Systematic decreases of Ti, Al, Fe, Mn, Mg and Ca oxides are observed with the increase of SiO2; indicating a magmatic differentiation process related to crystal fractionation of rock-forming minerals among the studied rocks (Figure 10). In the Ibity granite, relative depletion of Sr and Ba with the Eu negative anomalies indicates feldspar fractionation, that of P indicates apatite fractionation, and the decrease of Ti with the increase of silica content can be caused by crystal fractionation of Fe-Ti oxides (Figure 9, Figure 10 and Figure 14). The Tsarasaotra monzonitic rocks display zircon fractionation (Zr depletion), low feldspar fractionation (Ba enrichment), and the absence of apatite and Fe-Ti oxide minerals fractionation (P enrichment, and normal variation of Ti, respectively) (Figure 10 and Figure 11). In the Tsarasaotra granitic dykes, sample TS-2 evolved with an accumulation of K-feldspar (high Eu positive anomaly, Eu/Eu*=5.2), thus no feldspar fractionation signature (Figure 16).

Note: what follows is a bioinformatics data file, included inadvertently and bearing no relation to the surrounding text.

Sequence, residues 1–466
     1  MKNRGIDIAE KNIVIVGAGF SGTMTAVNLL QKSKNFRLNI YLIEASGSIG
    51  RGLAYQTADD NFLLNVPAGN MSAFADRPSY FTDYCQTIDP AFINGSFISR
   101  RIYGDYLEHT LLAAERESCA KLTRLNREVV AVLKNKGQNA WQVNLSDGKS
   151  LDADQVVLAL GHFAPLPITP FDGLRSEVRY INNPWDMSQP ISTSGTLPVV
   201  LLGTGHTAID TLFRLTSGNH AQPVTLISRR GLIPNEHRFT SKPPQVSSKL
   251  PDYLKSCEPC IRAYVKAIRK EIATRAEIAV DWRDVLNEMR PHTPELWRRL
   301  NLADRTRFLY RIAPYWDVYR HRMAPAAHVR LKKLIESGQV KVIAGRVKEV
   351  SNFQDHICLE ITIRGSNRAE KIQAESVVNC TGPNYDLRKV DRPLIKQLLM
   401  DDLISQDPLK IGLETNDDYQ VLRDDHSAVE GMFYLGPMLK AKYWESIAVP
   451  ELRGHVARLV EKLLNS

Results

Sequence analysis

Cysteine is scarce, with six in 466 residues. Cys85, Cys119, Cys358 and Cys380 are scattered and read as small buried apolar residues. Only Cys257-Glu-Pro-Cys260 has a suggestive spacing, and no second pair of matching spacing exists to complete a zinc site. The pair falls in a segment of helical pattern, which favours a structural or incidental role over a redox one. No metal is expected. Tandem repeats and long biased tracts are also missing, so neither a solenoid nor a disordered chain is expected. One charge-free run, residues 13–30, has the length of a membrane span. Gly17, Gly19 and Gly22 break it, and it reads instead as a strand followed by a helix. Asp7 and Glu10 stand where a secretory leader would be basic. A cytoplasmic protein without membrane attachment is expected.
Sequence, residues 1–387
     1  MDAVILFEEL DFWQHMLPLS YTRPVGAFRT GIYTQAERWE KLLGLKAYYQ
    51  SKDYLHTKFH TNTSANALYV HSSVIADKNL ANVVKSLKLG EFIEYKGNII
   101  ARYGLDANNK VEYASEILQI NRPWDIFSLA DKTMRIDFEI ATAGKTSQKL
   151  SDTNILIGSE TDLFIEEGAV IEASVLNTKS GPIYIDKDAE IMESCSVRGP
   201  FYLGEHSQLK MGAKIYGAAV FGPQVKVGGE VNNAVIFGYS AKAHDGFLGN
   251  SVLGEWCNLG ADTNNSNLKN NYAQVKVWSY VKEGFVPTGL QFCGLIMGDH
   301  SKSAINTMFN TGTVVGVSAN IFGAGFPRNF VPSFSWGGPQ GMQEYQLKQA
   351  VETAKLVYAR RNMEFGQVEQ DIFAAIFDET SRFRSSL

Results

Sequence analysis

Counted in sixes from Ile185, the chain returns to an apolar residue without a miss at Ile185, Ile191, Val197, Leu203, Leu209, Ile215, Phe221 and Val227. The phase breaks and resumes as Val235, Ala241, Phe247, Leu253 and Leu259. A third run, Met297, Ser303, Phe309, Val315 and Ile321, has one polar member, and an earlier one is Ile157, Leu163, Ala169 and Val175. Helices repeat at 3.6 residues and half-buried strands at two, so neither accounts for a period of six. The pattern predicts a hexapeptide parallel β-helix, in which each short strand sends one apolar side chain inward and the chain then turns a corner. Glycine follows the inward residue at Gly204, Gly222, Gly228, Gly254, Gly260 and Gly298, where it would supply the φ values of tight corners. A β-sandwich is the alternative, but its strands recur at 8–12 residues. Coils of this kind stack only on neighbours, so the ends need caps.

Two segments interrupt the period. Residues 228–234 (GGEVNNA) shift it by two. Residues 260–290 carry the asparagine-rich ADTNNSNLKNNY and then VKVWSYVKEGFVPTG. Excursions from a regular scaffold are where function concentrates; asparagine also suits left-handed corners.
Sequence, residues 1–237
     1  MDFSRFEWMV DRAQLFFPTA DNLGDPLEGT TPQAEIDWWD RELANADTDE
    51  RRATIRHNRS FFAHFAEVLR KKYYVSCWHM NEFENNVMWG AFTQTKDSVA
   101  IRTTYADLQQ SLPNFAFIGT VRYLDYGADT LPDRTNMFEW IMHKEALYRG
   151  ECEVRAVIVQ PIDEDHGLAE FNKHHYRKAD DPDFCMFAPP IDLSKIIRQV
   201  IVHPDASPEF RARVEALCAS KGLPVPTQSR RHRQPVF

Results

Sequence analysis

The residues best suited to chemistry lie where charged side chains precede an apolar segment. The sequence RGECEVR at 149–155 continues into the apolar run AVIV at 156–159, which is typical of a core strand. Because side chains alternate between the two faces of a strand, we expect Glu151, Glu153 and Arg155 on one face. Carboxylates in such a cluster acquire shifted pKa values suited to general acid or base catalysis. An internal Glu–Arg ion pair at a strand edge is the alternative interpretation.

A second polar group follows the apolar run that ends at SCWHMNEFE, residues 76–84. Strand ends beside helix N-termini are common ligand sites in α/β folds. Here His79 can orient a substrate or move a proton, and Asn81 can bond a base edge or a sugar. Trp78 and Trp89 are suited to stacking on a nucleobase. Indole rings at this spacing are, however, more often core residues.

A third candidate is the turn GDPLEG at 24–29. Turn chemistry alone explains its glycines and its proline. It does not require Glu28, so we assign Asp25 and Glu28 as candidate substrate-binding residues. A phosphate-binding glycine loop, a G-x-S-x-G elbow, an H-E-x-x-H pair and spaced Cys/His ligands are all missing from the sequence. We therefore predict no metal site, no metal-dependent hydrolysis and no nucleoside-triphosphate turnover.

The La/Sm versus La(ppm) diagram of these granitic rocks points to the crystal fractionation involvement with different degrees of partial melting during their evolution (Figure 18).

6.2. Geochemical Constraints and Petrogenetic Interpretation

High potassium calc-alkaline and shoshonitic series, metaluminous, rarely peraluminous, are observed in the studied rocks (Figure 8). Those characteristics indicate igneous source or I-type granitic rocks rather than sedimentary source granitic rocks after the 45 classification scheme. The classification diagrams after Whalen, et al. 46 confirm that the origins of the studied rocks are not alkaline (anorogenic), not as 47 reported about post-collisional granitoids in the East African Orogen (EAO) and many other orogenic belts (Figure 19). However, it is obvious that the studied rocks are divided into two geochemical groups: the first is composed of the Tsarasaotra monzonitic rocks with the Ifasina granite, and the second one comprises the Ibity granite, the Tsarasaotra granite dykes, and the Antsahakely granite.